Bon: We will be approaching at the same time academic institutions, the media, NGOs, the federal and state governments. One of our aims is that each household should at least have one booklet, and each household has one viewing of at least one public ad. We have about six million households in Malaysia and we cannot be successful if the governments do not provide their support.
What next, after the booklets and the ads?
Bon: Let’s start off with that first, and see where we go in the first two years. We may fail, but we think we won’t and the excitement that is starting to build is scary as the expectations are growing by the day. Some embassies have been calling and the public have been calling for the booklets. We will try and be as fast as possible, and look at it after two years.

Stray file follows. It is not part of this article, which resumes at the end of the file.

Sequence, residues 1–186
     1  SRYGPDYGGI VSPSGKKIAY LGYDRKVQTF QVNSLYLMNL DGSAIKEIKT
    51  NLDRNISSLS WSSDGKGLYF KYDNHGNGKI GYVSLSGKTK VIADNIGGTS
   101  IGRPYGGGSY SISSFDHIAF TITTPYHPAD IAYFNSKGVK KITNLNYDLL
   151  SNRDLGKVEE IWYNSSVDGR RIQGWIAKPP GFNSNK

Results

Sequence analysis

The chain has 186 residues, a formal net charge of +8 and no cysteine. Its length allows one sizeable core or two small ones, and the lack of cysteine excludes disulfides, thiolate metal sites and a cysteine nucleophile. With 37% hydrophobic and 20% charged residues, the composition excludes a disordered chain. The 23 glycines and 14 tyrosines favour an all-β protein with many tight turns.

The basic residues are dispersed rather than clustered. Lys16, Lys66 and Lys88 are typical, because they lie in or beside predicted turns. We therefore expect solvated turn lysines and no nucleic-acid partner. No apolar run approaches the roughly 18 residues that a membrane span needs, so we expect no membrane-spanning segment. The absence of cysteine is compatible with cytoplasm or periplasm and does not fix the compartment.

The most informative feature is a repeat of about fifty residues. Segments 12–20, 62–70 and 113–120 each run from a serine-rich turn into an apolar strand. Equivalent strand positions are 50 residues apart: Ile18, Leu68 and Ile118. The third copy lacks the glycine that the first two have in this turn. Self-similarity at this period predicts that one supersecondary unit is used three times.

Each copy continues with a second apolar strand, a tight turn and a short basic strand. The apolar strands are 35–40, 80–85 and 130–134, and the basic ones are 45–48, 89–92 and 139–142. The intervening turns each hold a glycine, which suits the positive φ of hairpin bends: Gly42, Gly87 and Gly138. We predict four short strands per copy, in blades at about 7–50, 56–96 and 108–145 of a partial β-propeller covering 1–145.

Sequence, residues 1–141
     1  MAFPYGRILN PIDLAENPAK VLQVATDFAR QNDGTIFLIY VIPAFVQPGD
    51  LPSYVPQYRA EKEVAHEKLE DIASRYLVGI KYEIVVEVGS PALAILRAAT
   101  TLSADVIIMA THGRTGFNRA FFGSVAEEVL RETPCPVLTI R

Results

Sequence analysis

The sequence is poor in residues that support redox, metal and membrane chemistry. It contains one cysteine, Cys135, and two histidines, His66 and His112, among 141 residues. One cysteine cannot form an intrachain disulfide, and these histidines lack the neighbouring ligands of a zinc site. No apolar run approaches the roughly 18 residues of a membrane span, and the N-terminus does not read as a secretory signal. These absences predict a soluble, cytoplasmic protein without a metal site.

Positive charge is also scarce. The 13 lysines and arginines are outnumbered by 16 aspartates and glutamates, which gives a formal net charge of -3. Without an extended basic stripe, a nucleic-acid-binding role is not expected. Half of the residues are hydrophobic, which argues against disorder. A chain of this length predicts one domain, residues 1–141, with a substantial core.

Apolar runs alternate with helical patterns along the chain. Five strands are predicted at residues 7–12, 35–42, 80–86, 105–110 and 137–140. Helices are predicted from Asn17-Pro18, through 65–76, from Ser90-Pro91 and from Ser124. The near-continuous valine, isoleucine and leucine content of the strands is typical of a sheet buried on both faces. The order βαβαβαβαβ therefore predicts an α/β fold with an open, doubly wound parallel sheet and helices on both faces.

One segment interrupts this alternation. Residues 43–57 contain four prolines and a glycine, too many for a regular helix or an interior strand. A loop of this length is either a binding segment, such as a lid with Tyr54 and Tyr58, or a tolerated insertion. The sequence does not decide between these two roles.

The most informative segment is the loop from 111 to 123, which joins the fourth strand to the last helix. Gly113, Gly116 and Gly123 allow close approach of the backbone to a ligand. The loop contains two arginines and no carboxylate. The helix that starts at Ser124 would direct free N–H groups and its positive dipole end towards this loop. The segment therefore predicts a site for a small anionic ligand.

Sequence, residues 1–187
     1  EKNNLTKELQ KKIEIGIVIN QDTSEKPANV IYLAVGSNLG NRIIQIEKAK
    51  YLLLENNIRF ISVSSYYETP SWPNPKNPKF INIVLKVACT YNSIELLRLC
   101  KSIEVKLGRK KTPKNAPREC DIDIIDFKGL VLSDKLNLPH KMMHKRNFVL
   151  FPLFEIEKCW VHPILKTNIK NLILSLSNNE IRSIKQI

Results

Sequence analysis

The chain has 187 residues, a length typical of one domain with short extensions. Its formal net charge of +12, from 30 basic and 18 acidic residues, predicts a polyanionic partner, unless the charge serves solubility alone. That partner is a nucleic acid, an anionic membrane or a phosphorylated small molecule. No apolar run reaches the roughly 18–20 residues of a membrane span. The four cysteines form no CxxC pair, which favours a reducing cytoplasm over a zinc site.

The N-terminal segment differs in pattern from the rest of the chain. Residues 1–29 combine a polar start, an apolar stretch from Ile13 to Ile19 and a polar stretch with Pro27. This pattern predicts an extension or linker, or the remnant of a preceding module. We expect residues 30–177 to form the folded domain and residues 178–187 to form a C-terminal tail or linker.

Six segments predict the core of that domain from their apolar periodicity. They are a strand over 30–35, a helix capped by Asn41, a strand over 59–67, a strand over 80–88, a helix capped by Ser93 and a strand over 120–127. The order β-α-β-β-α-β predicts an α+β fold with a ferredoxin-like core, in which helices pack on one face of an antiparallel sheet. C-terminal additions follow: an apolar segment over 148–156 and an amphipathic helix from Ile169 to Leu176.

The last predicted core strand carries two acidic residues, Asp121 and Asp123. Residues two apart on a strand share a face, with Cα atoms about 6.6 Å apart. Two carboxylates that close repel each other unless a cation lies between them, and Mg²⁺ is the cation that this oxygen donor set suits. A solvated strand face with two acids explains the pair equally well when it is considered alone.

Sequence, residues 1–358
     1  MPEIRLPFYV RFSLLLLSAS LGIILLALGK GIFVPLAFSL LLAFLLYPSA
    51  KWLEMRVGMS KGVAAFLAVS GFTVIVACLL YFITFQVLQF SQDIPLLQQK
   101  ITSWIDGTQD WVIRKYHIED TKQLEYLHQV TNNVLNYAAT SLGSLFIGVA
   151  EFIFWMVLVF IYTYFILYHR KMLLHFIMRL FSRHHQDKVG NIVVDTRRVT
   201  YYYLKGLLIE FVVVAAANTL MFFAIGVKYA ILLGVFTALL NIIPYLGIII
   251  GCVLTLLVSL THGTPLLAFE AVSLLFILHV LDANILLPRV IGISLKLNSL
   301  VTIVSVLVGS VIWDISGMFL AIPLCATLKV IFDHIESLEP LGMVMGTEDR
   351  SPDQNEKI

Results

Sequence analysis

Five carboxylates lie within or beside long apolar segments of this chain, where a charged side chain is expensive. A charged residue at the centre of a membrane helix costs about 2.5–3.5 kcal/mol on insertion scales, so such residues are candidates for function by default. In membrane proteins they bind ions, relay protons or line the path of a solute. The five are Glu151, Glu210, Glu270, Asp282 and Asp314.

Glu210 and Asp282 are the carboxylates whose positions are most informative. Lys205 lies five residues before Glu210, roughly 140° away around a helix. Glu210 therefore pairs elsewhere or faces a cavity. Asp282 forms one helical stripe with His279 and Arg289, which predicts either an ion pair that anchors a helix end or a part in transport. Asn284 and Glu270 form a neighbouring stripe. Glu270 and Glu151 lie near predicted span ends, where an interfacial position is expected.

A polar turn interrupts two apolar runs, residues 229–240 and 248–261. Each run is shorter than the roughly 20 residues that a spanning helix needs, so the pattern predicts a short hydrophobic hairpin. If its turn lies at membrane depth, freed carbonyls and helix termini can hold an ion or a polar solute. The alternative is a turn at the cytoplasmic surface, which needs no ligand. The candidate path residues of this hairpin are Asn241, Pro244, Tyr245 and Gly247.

You said failure and success. What will be your criteria for either?
Syah: I suppose failure would mean that after the two years none of the booklets or videos come out, but apart from that it is difficult to gauge success or failure. Can we do a survey now, and then another later to determine the impact of our campaign? It is difficult, and we feel that this is something that should be done.
Just because you cannot do a survey, I do not think that it will be impossible to gauge if the campaign is a success or failure.
Bon: If we are able to touch or preach to the “unconverted” , it would be a form of success. If we are speaking to the same people who already know about the constitution, that wouldn’t be a good use of our resources.
If we can go to the rural areas and get the booklets across in their language, and we see that the rakyat are more empowered, that will be a sign of success.

Updated: 11:57PM Wed, 04 Nov 2009